[box] Bluestone recently profiled the Last Thursday Book Club in Port Fairy and invited members of the group to tell us about their book of the month. This month, BRIGID FOARD, is in the chair: [/box]
[dropcap style=”font-size: 60px; color: #A5CECD;”] T [/dropcap]im Winton’s Eyrie commanded much discussion between the members of The Last Thursday book club, in Port Fairy this month.
The mark of a good read can often be the ripple effects of discussion when there are no easy answers, no comfortable resolutions of character or motive. The ambiguous elements of Eyrie are its strength, with Winton going to great lengths to avoid sentimentality and cliché.
Our discussion ranged from what really was the stain on the carpet at the start of the text, to was Tom Keely trying to save himself by helping Kai?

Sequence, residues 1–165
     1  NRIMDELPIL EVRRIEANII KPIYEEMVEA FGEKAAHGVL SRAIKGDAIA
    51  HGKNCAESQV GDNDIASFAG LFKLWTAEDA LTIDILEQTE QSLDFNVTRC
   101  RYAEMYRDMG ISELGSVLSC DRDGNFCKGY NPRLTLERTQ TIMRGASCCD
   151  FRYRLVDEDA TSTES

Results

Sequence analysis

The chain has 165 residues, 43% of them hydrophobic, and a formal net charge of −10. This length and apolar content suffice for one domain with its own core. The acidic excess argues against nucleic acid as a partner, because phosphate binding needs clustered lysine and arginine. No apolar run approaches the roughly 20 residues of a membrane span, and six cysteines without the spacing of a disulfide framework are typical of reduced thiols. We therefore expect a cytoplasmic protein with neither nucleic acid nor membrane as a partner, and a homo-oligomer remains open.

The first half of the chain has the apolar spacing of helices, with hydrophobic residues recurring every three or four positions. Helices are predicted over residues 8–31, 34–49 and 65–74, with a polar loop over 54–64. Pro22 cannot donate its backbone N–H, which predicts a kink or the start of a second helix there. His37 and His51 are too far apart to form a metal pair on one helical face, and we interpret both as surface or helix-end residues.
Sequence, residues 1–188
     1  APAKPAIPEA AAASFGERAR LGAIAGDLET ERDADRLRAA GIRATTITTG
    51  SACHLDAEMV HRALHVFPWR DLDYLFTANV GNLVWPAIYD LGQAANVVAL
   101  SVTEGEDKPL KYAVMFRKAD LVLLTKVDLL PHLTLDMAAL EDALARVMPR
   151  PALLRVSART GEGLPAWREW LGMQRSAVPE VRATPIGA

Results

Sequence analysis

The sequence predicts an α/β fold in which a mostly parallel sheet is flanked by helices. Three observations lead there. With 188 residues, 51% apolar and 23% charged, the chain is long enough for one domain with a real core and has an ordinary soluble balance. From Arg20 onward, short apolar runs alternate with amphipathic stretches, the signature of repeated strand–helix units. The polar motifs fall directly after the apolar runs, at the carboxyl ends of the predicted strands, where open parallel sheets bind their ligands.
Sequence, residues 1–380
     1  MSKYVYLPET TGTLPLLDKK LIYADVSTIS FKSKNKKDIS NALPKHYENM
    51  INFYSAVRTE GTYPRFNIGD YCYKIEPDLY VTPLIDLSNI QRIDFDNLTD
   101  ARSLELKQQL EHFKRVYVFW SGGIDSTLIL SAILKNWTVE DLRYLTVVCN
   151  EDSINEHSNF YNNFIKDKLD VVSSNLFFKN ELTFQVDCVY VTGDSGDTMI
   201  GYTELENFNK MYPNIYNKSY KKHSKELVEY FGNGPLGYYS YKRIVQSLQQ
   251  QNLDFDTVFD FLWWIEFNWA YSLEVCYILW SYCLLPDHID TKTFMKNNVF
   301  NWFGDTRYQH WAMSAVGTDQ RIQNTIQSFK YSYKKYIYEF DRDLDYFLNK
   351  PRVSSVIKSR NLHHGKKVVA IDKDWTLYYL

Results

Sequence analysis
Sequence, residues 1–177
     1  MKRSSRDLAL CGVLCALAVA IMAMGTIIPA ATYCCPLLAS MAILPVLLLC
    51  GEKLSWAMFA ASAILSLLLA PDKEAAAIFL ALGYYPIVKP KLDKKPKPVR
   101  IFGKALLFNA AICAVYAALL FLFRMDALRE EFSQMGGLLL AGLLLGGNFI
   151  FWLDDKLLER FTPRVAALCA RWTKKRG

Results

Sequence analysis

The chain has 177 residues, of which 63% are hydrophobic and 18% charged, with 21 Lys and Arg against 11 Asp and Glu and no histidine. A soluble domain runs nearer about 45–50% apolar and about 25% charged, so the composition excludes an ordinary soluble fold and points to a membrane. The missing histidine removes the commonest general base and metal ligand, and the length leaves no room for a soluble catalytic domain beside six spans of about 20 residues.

Eyrie is a thought provoking work dealing with themes such as redemption, class and the future of Australian society (more specifically, WA).
Most agreed that this is the most thrilling of Winton’s books in that it had that page turning effect on most of us.
I felt that Keely’s mother Doris was one of Winton’s more convincing female characterisations to date. The humour in the novel was something we all remarked upon. There are some hauntingly beautiful images in the novel which I will remember for years to come (surely testament once again to the work’s quality).
Winton has once again structured his writing around a few motifs: in ‘Eyrie’ they are birds, flight, falling; in ‘Breath’ – breathing, resuscitation, water.
This structural formula serves as both a functional and aesthetic framework, (including the title) and in my opinion solidifies the work as a classic.
Eyrie is one of those works that stays with your consciousness and makes you really think.”
[box type=”bio”] Have you read Eyrie? What did you think?[/box]
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